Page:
Defenders of Human Rights Center

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The Defenders of Human Rights Center (also known as the Centre for the Defence of Human Rights, Persian: کانون مدافعان حقوق بشر ) is an Iranian human rights organization.


Based in Tehran, the organization has been active in defending rights of women, political prisoners and minorities in Iran. Several of the most prominent Iranian lawyers founded the organization and are members. Shirin Ebadi, 2003 Nobel Peace Prize laureate, is the current president of DHRC. Ebadi along with four other notable Iranian lawyers, Abdolfattah Soltani, Mohammad Seifzadeh, Mohammad Ali Dadkhah and Mohammad Sharif, were the founding members of the organization.[1] Narges Mohammadi joined the organization in 2003 and went on to become its vice president.[1][2]

The Center is a member of the International Federation for Human Rights and received the 2003 Human Rights Award of the French National Commission of Human Rights.

No permit is required for organizations like DHRC to operate in Iran, but it may be advantageous to have one. During neither the presidency of Mohammad Khatami, nor that of Mahmoud Ahmadinejad, has the DHRC succeeded in obtaining official registration. DHRC requested a permit in February 2004. According to Ebadi, in September 2006, the Political Deputy of the Ministry of the Interior announced that the Commission had approved the request, but the Ministry of the Interior never issued a permit.[3]


DHRC helped defend many legal cases such as "the chain murders of Iranian intellectuals" and those of Iranian bloggers, as well as defending Akbar Ganji and family of Zahra Kazemi among many others.

Relationships with government[edit]

Closure of office[edit]

The DHRC had planned to hold on 21 December 2008 a ceremony in honor of the sixtieth anniversary of the Universal Declaration of Human Rights. On that day, security officials shut down the DHRC offices, without presenting a court order allowing them to do so.[3][4]

According to Shirin Ebadi, on 22 and 29 December 2008 the DHRC offices were searched and much property was illegally seized, some of which has not been returned. On 1 January 2009, a mob of basiji attacked and vandalized the building while police looked on.[3]

There was widespread condemnation of these actions. U.N. Secretary-General Ban Ki-moon issued a statement of concern. The European Union called on Iran "to respect their international human rights commitments and the right to peaceful assembly."[5]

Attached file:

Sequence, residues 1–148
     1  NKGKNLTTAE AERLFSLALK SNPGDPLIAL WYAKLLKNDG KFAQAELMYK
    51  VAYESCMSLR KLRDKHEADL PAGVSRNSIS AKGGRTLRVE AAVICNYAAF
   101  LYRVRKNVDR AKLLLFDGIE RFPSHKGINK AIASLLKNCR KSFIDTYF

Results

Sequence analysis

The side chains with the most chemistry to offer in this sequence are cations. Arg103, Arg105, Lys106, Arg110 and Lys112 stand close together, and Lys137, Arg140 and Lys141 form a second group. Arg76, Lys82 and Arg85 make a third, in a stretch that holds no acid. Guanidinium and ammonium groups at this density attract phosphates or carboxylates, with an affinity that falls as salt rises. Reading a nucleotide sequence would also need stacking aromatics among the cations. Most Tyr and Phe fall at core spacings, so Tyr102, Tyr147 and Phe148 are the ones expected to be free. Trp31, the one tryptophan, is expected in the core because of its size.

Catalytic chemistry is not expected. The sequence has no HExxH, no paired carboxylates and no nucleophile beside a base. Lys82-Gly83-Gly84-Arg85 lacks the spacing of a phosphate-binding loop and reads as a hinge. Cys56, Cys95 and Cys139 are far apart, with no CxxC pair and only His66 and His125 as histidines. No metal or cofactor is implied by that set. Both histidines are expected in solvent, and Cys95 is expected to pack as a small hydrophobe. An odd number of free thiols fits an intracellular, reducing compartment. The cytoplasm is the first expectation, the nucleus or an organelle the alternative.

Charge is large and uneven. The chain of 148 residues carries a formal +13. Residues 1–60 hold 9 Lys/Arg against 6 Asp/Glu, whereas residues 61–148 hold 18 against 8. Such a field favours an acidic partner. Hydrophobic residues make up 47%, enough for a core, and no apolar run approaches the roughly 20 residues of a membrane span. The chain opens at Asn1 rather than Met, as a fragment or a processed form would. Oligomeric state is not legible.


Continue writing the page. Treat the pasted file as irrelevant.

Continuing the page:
Office staff have been threatened and forced to resign. Several members of DHRC, the Committee to Defend Free, Healthy and Fair Elections and the National Council of Peace have been summoned for interrogation and 'encouraged' to end their cooperation with those organizations and efforts. Some have also been illegally barred from travel outside Iran.[3]

Security officials have threatened people scheduled to attend DHRC meetings, which were obstructed and prevented from taking place. Police came to disperse those present.

Baha'i Faith[edit]

The official governmental news agency, the Islamic Republic of Iran News Agency (IRNA), accused Shirin Ebadi and her daughter of being followers of the Bahá'í Faith, which is not a recognized religion in Iran.[3] Ebadi has denied this claim, although the secretary of the DHRC, Zhinous Sobhani, is a Baha'i. Sobhani was arrested on 14 January 2009 and held in Tehran’s Evin Prison for 55 days before being released on 70 million toman [about $70,000 US] bail.[3] Abdolfattah Soltani, a DHRC lawyer, told the BBC: “In all probability, the reason for her arrest was her work with the DHRC, and also because she is a Bahá'í, although neither of these is a crime, and no other charge [against her] has yet been announced.”[6] Jinous Sobhani was also secretary for the Mine-Clearing Collaboration (MCCC) Campaign and worked for the Organization for Defending Mine Victims.[5][7] She was arrested again following the 2009 Ashura protests and in September 2010 was sentenced to two years in prison.[8][not in citation given]

IRNA accused the Deputy Chair of DHRC of “spreading propaganda against the state,” although no official such charge has ever been made.[3]

Other arrests[edit]

Abdolfattah Soltani was himself detained in June 2009.[9]

Mohammad Ali Dadkhah of DHRC was reportedly arrested, along with a number of others, in Tehran on 8 July 2009. He is said to have provided legal representation for some of the hundreds of people arrested following the June election.[9]

Honours and awards[edit]

See also[edit]


  1. ^ a b Muhammad Sahimi (10 May 2012). "Nationalist, Religious, and Resolute: Narges Mohammadi". PBS. Archived from the original on 31 October 2012. Retrieved 31 October 2012.
  2. ^ Saeed Kamali Dehghan (26 April 2012). "Iranian human rights activist Narges Mohammadi arrested". The Guardian. Archived from the original on 31 October 2012. Retrieved 31 October 2012.
  3. ^ a b c d e f g Shirin Ebadi (2009-07-06). "Open Letter by Shirin Ebadi to President Mahmoud Ahmadinejad :". Defenders of Human Rights Center. Retrieved 2009-07-10.
  4. ^ "Iran Shuts Down Nobel Winner's Rights Group". Voice Of America. 2008-12-21. Archived from the original on December 22, 2008. Retrieved 2008-12-22.
  5. ^ a b "Secretary for Iranian rights groups 'arrested'". CNN. 2009-01-14. Retrieved 2009-07-18.
  6. ^ "Ebadi co-worker released on bail in Iran". BBC Persian Service via Iran Press Watch. 2009-03-13. Retrieved 2009-07-18.
  7. ^ "Former Secretary of the Defenders of Human Rights Center, Jinous Sobhani, Released". Change For Equality. 2009-03-17. Archived from the original on 2011-07-25. Retrieved 2009-07-18.
  8. ^ Zhinous Sobhani sentenced, HRA News, translated by Sen McGlinn, 2010-08-09
  9. ^ a b "Iran police disperse protesters". BBC News. 2009-07-09. Retrieved 2009-07-09.